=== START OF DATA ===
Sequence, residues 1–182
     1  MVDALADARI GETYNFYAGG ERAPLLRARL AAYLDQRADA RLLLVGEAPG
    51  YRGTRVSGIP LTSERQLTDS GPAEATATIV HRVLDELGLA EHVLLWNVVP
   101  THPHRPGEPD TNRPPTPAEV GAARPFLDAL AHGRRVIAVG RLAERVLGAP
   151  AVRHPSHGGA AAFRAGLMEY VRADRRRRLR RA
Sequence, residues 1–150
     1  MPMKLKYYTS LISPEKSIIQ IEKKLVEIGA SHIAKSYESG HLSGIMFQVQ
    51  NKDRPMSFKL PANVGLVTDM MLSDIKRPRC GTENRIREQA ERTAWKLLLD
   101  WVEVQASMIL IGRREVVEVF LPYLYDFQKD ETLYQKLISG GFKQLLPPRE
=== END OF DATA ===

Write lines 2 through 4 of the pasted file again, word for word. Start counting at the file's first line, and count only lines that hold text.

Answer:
     1  MVDALADARI GETYNFYAGG ERAPLLRARL AAYLDQRADA RLLLVGEAPG
    51  YRGTRVSGIP LTSERQLTDS GPAEATATIV HRVLDELGLA EHVLLWNVVP
   101  THPHRPGEPD TNRPPTPAEV GAARPFLDAL AHGRRVIAVG RLAERVLGAP